Mannitol behaves like an osmotic diuretic, i.e. it increases the excretion of water by the kidneys and the global volume of urine. Its mechanism of action does not involve a specific site in the kidney: it accumulates in the intercellular space, drawing water out of the cells due to increased local osmolarity. The fluids accumulated in the interstitial spaces are then rapidly eliminated as urine. An increased absorption of mannitol in case of altered intestinal permeability determines a decrease in sodium and an increase in serum osmolarity a consequently an increase in diuresis .
The peculiar physical and chemical properties of mannitol make it an ideal tool to test the osmotic fluid retention in different condition of intestinal absorption, given the reliability of the “single paracellular permeation model”, regardless of the cause of the altered intestinal permeability .
Our new preliminary observations in a selected sample of MD patients in an active stage of the disease (1) confirm the hypothesis of an altered intestinal permeability on the basis of a single sugar test (instead of the double-sugar); (2) may suggest the assessment of intestinal permeability by a mannitol challenge without dosage of its urinary concentration but simply measuring the diuresis of the 4 h following the water + mannitol load.
This proposed method would significantly reduce costs, compared to the validated non-invasive “double-sugar test”, providing an easy and self-administered way to identify altered intestinal permeability.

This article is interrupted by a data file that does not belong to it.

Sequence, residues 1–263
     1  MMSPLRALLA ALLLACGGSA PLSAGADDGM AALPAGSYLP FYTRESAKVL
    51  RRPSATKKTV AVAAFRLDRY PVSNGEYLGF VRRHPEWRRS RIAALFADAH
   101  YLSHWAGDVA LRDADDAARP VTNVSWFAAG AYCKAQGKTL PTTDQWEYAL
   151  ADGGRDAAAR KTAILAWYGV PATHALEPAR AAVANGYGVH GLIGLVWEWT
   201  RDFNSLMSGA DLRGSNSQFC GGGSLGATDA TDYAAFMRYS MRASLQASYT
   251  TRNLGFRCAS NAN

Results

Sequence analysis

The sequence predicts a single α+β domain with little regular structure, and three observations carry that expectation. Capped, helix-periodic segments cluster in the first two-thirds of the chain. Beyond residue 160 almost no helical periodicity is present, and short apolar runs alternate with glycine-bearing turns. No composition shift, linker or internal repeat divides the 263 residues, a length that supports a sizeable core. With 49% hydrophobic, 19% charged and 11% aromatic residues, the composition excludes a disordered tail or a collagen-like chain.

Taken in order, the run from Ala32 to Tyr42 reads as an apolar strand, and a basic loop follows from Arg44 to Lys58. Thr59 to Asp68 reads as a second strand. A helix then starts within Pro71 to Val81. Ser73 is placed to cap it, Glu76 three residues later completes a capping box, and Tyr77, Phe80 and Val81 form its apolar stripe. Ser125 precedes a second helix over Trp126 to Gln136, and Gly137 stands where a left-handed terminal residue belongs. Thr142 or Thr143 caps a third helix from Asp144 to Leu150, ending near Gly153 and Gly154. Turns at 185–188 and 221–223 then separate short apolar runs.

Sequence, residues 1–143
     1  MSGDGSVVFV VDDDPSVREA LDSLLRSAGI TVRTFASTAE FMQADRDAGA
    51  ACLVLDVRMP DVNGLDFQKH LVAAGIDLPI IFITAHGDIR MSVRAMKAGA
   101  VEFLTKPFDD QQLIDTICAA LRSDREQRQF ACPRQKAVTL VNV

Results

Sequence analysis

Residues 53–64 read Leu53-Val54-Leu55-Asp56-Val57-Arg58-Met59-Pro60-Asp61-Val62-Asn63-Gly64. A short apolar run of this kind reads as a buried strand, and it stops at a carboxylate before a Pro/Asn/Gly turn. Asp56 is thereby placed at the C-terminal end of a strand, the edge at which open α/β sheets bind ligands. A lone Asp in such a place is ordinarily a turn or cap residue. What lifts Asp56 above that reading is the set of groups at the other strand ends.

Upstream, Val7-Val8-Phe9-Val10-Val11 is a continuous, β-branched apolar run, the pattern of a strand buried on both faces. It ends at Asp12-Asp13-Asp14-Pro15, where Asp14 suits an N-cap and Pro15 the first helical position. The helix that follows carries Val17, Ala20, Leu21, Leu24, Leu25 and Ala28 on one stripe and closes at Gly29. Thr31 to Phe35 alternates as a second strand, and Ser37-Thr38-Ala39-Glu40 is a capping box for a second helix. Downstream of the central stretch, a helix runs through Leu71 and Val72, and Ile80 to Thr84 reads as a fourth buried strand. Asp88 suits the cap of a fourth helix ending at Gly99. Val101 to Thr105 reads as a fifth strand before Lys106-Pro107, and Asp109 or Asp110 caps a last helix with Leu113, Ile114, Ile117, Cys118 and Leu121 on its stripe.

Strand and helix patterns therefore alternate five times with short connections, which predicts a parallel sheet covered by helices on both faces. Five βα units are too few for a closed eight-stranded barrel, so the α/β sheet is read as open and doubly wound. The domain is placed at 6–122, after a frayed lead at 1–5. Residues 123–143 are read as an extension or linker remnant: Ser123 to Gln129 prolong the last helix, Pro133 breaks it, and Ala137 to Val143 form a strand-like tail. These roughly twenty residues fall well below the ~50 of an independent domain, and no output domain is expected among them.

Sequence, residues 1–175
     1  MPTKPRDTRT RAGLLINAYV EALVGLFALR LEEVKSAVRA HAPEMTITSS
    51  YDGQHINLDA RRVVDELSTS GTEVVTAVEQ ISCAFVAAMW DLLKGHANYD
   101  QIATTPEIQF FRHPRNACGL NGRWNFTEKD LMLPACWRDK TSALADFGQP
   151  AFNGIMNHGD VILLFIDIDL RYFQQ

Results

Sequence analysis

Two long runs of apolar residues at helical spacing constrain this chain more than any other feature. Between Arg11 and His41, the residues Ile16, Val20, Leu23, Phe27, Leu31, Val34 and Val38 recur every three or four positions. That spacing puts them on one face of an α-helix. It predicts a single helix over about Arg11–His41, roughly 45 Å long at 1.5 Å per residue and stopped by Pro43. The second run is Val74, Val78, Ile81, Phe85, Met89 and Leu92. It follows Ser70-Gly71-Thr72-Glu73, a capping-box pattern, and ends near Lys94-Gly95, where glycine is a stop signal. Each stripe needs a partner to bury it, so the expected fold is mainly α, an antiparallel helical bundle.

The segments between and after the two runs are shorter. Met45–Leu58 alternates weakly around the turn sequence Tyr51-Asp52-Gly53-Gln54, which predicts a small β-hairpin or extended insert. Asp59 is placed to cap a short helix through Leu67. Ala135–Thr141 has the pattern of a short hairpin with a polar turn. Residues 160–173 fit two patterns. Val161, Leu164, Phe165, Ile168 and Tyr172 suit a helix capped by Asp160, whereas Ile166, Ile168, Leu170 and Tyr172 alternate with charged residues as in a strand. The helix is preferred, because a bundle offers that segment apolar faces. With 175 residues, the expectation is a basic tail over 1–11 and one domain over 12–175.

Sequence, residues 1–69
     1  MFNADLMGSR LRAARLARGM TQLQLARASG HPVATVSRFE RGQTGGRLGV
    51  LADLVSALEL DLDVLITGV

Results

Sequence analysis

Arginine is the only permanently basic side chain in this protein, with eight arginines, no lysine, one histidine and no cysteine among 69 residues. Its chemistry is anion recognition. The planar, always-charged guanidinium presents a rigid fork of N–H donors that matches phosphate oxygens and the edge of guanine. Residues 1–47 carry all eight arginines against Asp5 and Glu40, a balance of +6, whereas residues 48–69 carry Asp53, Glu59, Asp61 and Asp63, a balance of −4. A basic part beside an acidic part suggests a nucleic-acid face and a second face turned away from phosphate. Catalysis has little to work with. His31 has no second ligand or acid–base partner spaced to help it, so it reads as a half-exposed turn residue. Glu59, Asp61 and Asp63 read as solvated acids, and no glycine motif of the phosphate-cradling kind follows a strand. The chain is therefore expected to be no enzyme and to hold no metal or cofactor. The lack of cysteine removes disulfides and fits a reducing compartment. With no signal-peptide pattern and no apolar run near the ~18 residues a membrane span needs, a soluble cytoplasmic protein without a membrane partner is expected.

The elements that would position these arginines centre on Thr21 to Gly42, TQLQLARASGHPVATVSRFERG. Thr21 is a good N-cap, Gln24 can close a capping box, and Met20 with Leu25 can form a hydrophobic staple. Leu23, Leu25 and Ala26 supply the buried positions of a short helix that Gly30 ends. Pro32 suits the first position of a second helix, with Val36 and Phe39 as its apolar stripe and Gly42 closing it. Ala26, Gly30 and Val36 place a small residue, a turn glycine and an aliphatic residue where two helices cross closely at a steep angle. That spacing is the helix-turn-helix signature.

As far as we know, this is the first report of increased excretory urinary volume after mannitol challenge in a group of symptomatic MD patients.
The strength of this work is the very selected and homogeneous sample population, that includes only symptomatic, untreated MD patients, with no drug interferences.
The main drawback is the small size of the sample group and, in order to validate this method, further studies should be performed on larger populations. The method should be tested also in other diseases with altered intestinal permeability conditions, in order to define if this finding is peculiar of MD. Other serologic and faecal parameters of altered intestinal permeability might be related to this new parameter.
Availability of data and materials
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Ethics approval and consent to participate
The participation in the study was voluntary and all the subjects were not paid for. The work was carried out in accordance with the Helsinki Declaration of 1975, as revised in 2008, including, but not limited to, the absence of potential harm to participants, their guaranteed anonymity, and informed consent approved by the Ethics Committee of Fondazione IRCCS Ca’ Granda Ospedale Maggiore Policlinico of Milan, Italy. All the participants have provided a signed written consent to participate.
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Di Berardino, F., Zanetti, D. Increased urinary volumes in symptomatic Ménière’s Disease. BMC Res Notes 12, 826 (2019). https://0-doi-org.brum.beds.ac.uk/10.1186/s13104-019-4870-3
- Altered intestinal permeability
- Double sugar test